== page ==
Posterior fossa intracranial arachnoid cyst or Infratentorial are classified into supracerebellar arachnoid cyst, infracerebellar, hemispheric, clivus,
Endoscopic Neurosurgery is currently recommended as the first choice to treat posterior fossa arachnoid cysts. It has proven to be effective, providing improved outcome, and safe, having a low complication rate. Compared to craniotomy and shunt placement, it has lower surgical morbidity, minimizing or avoiding risks of subdural fluid collections, shunt infection, malfunction, overdrainage, and dependence. Usually, rigid scopes maneuvered through a suboccipital approach are used. When symptomatic obstructive hydrocephalus develops, CSF diversion is the first aim of surgery.
In these patients, a flexible endoscope introduced through a frontal burr hole allows not only immediate and efficient management of hydrocephalus with endoscopic third ventriculostomy, but in selected cases also direct cyst inspection and fenestration. Navigation of an enlarged cerebral aqueduct is actually safe when performed by experienced neurosurgeons.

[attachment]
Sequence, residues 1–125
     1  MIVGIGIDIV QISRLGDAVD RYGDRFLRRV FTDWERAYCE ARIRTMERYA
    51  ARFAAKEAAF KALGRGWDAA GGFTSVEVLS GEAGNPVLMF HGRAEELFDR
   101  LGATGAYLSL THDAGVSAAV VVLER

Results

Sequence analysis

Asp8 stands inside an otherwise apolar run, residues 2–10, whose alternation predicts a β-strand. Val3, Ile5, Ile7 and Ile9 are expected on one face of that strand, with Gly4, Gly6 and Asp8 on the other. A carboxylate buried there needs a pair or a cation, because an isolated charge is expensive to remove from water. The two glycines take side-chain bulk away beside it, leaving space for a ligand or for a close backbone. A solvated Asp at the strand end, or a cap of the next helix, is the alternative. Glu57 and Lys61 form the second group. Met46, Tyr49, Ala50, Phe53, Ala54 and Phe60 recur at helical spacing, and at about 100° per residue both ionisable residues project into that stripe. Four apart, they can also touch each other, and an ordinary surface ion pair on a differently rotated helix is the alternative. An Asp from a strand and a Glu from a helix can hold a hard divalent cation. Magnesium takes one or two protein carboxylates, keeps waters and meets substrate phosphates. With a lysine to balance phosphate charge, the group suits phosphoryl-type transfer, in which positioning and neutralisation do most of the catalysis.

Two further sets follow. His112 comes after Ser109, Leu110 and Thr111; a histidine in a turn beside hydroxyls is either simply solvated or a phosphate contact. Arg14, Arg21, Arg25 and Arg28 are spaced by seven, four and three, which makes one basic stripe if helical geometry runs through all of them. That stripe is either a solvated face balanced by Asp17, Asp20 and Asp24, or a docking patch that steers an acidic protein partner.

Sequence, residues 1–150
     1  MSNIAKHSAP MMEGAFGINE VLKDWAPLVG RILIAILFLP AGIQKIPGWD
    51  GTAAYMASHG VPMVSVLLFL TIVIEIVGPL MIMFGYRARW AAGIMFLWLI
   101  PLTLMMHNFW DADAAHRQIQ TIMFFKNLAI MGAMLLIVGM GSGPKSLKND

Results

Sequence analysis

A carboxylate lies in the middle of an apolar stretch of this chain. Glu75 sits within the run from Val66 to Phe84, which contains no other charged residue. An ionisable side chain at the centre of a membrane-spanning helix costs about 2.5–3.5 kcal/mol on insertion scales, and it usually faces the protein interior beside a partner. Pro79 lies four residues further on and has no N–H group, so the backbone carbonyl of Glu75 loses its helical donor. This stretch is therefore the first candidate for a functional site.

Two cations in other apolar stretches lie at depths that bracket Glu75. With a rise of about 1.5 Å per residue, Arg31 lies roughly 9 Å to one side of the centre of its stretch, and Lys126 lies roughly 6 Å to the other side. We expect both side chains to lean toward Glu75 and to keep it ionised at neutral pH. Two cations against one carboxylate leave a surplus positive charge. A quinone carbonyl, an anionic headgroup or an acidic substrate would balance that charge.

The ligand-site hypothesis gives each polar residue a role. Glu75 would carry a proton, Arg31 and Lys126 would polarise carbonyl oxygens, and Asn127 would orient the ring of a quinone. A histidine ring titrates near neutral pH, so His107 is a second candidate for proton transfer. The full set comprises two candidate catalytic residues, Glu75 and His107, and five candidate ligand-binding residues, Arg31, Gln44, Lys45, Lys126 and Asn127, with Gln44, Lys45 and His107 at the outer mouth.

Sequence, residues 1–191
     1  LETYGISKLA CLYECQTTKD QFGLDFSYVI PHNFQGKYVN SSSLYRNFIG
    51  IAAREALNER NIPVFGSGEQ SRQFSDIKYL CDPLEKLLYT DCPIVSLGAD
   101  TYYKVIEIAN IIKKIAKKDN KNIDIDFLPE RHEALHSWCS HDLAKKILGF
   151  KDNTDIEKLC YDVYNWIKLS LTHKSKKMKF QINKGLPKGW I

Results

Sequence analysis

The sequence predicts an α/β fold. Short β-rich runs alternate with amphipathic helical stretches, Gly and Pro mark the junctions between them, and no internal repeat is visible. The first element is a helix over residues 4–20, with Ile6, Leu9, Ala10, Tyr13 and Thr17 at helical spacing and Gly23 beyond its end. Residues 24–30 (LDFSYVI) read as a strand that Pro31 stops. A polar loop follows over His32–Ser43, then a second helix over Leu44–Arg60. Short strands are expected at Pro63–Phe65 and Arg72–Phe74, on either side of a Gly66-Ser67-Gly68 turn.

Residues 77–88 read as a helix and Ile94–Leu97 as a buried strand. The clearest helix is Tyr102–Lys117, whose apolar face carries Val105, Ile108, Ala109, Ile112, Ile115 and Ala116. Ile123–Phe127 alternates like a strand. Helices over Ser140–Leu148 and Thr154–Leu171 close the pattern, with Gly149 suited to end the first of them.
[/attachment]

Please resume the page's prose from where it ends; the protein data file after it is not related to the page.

This minimally invasive technique gives the possibility of performing both endoscopic third-ventriculostomy and cyst fenestration, which alone may not be enough to efficiently treat hydrocephalus 1).
Verghese et al. report an Posterior fossa arachnoid cyst that caused Painful tic convulsif (PTC) in a 50-year-old woman. Her radiological evaluation revealed a median, well-circumscribed, cystic lesion of the posterior fossa suggestive of arachnoid cyst, pushing the cerebellum and brainstem anteriorly. Midline suboccipital craniotomy and marsupialization of cyst was performed with complete recovery of symptoms. This is the first report of a retrocerebellar arachnoid cyst causing PTC 2).